My wife has a theory that decomposition is controlled largely by air - that if the heap is packed too tight, and oxygen is excluded, rotting cannot take place. She may well be right - yet here was another anomaly: the best-decomposed areas of Box A were round the edges, right up against the boards, where (presumably) little air could penetrate.

Not that the heap was by any means a write-off. The back half had rotted brilliantly, and its rich black depths contained many surprises. Whenever a thrust of the spade produced a muted explosion, followed by a most ghastly smell, I knew I had hit an egg, stolen, buried and forgotten by a fox months ago.

A hard, sharp, metallic clink led to the discovery of a hoof-pick so ancient that nobody could remember it at all. More sinister were some tufts of white horse hair - the last mortal remains of an old stager who joined the great herd in the sky during 1991. Strangest of all were two beautiful mushrooms, fresh and white as snow, which seemed to have grown in some centrally heated subterranean chamber.

Digging barrowfuls into the vegetable plot is a slow but rewarding business, which tends to set the mind ranging over kindred sujects. Wondering about the dry areas of the heap, I thought wistfully of the incredible decomposing - not to say eating - power of fresh slurry, straight from cattle.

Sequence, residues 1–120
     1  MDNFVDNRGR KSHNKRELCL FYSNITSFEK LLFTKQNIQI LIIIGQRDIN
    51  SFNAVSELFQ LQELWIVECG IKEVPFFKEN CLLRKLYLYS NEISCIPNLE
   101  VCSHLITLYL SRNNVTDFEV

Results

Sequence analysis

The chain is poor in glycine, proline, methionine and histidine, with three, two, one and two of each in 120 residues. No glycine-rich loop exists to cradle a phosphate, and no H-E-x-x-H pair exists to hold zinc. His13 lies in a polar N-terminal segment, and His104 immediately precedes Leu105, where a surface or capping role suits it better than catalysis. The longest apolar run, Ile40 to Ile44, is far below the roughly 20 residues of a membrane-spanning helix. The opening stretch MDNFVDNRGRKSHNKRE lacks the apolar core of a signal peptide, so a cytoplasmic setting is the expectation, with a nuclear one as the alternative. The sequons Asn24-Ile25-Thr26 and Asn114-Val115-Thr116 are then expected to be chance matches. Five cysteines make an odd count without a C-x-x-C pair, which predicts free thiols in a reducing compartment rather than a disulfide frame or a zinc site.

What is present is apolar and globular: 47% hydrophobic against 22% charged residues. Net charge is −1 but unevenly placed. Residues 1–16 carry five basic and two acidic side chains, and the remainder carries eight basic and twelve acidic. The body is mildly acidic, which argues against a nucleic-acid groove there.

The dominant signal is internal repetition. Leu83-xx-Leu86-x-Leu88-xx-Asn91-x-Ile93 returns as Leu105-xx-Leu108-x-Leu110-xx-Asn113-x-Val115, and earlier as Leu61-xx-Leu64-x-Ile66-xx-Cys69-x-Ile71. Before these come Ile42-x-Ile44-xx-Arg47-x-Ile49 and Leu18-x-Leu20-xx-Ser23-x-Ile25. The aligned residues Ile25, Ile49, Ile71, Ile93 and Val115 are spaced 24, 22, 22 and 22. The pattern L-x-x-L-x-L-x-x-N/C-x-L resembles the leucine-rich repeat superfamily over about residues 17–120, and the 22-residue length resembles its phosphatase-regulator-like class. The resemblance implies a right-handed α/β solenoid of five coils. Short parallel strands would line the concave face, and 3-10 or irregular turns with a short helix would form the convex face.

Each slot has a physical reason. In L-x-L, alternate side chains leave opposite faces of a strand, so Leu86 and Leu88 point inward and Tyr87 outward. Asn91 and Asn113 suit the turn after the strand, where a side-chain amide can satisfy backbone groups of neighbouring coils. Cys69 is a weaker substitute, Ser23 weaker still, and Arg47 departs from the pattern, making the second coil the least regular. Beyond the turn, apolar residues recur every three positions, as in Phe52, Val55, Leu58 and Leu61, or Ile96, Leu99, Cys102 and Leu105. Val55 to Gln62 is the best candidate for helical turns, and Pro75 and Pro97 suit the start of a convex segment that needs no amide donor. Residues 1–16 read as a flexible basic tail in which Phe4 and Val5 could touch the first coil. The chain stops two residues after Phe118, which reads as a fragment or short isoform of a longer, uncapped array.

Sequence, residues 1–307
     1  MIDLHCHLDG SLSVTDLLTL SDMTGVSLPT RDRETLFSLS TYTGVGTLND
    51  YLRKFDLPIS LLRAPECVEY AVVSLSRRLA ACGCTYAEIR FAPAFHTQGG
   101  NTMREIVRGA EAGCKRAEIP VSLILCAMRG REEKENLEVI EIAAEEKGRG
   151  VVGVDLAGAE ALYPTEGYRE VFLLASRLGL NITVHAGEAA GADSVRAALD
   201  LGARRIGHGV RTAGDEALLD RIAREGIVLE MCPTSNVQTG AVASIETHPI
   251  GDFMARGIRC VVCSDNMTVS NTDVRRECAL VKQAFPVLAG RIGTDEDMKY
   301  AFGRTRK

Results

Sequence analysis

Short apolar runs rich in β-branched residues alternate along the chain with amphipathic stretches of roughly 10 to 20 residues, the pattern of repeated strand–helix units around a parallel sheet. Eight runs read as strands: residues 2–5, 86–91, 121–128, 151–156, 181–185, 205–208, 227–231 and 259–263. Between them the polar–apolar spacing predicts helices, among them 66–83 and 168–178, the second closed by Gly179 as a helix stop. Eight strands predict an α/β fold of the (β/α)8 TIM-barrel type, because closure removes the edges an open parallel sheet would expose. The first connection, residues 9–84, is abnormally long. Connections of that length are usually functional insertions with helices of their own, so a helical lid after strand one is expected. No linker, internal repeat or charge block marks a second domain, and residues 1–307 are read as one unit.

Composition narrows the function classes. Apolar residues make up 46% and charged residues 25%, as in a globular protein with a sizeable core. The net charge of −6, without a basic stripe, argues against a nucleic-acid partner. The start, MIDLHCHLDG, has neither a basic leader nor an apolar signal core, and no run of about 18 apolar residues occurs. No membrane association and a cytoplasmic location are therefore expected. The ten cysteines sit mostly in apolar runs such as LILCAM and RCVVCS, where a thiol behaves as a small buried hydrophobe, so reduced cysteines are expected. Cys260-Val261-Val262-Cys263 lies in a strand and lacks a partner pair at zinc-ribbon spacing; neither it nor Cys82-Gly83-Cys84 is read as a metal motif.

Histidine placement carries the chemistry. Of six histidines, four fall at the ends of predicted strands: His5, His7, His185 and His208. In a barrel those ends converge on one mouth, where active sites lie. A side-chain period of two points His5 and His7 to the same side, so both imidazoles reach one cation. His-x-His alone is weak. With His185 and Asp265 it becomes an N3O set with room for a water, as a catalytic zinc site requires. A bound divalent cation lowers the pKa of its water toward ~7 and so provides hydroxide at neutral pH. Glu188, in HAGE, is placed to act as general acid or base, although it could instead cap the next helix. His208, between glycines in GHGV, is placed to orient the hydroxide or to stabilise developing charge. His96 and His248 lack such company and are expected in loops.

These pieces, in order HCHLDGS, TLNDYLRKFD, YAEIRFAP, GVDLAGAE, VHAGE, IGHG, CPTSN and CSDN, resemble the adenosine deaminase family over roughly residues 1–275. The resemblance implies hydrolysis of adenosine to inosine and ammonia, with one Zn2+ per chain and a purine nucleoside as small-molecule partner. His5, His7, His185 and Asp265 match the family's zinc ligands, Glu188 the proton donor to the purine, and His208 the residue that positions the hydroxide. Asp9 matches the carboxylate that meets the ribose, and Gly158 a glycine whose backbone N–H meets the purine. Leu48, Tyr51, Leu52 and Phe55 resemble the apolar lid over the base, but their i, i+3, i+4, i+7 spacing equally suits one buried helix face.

On a farm where I lived earlier, 300 dairy cows were housed in a concrete palace, and thousands of gallons of water were used to sluice down their yard every morning. The effluent went into a series of slurry pits, which stank to high heaven and formed foul, eructating brown crusts over the top. So vicious and ammoniac was the brew in these pits that local people reckoned it the perfect murder weapon: a body pushed through the crust, they said, would be dissolved, bones and all, within a matter of weeks.